bequeathing his own property ; of family, with his country. I think such educating his own children ; of exer- a system must at all times have been as cising any of the rights I will not mischievous in politics as detestable in say of a freeman, but of a manumitted morality, however effectually it may sláve? Would he thus undo the work have tranquillized the population of beneficence which has so honoura- which it proscribed. bly distinguished the present reign? “ But excuses, though not justifi. For during the present reign it is, and cations, might perhaps exist in a former during the latter half of it, that the state of things, which do not exist catholic has been raised from so abject now. The system itself might be dea situation to his present comparative- fended by arguments, which do not ly improved, but imperfect enjoyment apply to the fragments of that system, of civil privileges. Or does my right broken down and scattered as it has honourable and learned friend only been in these latter times by the silent think that these wise and salutary re- progrese of events, and by the growgulations, though abolished, ought ing liberality of the legislature. The not to be forgotten that though we onus lies, says my right honourable have partially, perhaps improvidently, and learned friend, on those who call removed the weight of the chain from for innovation, to show that there is the limbs of the catholic, we ought to ground for innovating, and that we leave a link or two behind, to remind can innovate with safety. The onus him that he was once in fetters ? lies, it may be answered, on those who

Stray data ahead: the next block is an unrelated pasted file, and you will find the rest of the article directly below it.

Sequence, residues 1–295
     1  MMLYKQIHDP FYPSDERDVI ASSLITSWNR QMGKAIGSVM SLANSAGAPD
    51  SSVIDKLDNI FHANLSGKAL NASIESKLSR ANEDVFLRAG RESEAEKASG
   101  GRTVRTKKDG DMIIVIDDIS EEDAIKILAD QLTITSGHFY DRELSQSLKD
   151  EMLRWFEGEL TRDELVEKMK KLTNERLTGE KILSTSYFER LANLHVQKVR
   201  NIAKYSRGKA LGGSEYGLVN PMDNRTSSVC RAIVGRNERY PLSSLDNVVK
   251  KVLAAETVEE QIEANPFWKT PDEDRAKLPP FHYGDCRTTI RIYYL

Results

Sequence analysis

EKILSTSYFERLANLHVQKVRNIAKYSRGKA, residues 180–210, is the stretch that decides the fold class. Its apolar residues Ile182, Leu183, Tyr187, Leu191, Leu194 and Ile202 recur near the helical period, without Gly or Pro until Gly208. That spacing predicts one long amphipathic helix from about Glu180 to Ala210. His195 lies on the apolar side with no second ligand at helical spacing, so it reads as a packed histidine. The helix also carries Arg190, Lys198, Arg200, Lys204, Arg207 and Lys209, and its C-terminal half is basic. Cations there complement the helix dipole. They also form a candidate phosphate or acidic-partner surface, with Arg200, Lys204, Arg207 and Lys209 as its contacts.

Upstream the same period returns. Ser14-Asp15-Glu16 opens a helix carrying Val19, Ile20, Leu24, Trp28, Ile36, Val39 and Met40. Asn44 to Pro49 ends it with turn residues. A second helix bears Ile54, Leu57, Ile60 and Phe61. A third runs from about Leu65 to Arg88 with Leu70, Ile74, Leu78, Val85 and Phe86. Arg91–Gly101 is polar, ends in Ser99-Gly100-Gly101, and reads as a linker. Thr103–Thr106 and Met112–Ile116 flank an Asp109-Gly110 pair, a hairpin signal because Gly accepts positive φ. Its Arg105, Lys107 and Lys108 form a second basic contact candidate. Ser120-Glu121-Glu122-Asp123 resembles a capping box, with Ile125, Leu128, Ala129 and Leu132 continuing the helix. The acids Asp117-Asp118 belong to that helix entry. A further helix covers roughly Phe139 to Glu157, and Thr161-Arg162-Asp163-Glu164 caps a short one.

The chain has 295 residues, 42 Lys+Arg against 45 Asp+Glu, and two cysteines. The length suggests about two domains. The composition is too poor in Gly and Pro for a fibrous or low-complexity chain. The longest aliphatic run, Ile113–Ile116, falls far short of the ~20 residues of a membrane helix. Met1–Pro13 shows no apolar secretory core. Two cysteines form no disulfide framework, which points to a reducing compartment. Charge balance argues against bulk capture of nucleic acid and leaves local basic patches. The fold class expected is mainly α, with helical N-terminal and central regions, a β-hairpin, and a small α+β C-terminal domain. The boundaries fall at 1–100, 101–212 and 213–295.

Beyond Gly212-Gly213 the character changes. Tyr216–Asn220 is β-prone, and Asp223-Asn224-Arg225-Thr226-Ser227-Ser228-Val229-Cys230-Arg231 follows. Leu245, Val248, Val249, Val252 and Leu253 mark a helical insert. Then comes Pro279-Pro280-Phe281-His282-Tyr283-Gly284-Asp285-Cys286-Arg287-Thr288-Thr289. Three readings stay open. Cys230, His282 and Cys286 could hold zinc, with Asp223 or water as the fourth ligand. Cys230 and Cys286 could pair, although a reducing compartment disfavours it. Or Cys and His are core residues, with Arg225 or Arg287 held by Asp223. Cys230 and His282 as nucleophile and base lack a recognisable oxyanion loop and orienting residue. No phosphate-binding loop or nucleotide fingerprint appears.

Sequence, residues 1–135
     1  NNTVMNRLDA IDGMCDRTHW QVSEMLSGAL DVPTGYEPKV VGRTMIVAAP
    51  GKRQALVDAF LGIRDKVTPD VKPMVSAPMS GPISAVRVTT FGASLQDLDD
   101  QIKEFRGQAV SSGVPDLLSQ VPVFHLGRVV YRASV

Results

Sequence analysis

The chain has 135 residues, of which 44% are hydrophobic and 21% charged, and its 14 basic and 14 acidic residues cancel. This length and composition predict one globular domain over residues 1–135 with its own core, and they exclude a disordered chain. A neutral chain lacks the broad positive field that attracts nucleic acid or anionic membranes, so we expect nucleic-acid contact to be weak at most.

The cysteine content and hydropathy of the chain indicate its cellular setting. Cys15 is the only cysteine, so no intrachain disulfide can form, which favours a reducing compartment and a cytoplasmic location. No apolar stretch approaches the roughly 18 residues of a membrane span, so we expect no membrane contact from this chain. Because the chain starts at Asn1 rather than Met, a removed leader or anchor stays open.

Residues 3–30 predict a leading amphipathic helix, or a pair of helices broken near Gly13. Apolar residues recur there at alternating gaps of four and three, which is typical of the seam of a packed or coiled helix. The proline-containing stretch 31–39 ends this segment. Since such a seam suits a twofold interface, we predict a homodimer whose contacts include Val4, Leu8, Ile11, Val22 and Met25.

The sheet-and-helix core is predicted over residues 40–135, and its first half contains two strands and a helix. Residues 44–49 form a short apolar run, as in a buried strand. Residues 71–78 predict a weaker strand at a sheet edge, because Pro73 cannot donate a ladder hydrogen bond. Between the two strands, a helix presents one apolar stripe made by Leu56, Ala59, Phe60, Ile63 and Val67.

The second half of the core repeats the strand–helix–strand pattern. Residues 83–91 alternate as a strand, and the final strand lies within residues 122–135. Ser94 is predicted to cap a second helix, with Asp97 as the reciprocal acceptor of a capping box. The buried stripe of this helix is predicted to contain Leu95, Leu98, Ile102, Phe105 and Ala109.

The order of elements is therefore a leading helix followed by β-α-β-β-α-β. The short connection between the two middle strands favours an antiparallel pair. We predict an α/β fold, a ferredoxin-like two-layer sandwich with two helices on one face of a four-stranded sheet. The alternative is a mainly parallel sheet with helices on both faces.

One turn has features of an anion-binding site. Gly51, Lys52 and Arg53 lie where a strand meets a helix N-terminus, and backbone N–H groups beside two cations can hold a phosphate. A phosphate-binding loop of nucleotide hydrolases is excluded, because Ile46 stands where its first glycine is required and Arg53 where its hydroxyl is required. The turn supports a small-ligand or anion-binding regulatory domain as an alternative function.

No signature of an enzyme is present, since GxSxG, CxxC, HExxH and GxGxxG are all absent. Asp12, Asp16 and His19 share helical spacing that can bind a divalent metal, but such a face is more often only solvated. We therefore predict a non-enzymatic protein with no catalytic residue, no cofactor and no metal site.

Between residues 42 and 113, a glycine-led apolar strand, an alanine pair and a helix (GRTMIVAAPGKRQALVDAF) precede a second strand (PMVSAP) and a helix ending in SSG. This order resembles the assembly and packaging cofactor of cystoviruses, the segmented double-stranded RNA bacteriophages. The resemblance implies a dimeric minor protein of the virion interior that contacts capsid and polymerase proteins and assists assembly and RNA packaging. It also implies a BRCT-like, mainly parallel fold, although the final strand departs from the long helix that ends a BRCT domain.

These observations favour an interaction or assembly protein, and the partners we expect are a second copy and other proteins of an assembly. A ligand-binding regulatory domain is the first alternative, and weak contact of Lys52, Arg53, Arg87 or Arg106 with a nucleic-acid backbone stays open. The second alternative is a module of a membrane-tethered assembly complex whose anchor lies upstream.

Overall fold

“But without defending, in all their recommend the preserving, with such disgusting detail, those numerous pe- perverse partiality, the disjointed frame nalties and disabilities under which the of a machine, according to their own catholics formerly laboured, my right confession no longer efficient for the honourable and learned friend contents purposes of coercion and consequent himself with asking, whether what was tranquillity. Would they preserve once so essentially necessary to the se- what they admit and regret to be mu. curity of the state, and so conducive tilated, and inoperative, as matter of to its tranquillity, can now be safely example, or of warning, to future cancelled as useless ? For my own ages ? or as matter of pride and credit. part, I answer that I cannot see, even to the legislative contrivance of our in the circumstances of the past times, ancestors ? Are they anxious that posa sufficient apology for the past sys. terity may be enabled to conjecture, tem. I cannot conceive any state of from its remains, how formidable the society in which such restrictions could force of the whole complicated instrube absolutely justified. I could not, ment must have been when it existed in any state of things which my ima. in all its terrible perfection, and was gination can suggest, in a civilized worked with an unsparing hand? country, among citizens of the same My right honourable and learned soil, approve of such means of produ- friend and I differ in nothing so much cing tranquillity. I could not give as in this, that he views and has argued my voice for the policy of propping this question as if it were solely a reup the state by dissociating half its ligious question, whereas I feel it my subjects from the charities of human duty to argue it in this House upon life ; from the ties of kindred; from political grounds alone. My right the confidence of familiarity and friend- honourable and learned friend has inship; from all that endears society to deed declared (and seemed to take man, and connects him, through his credit for the candour of the declara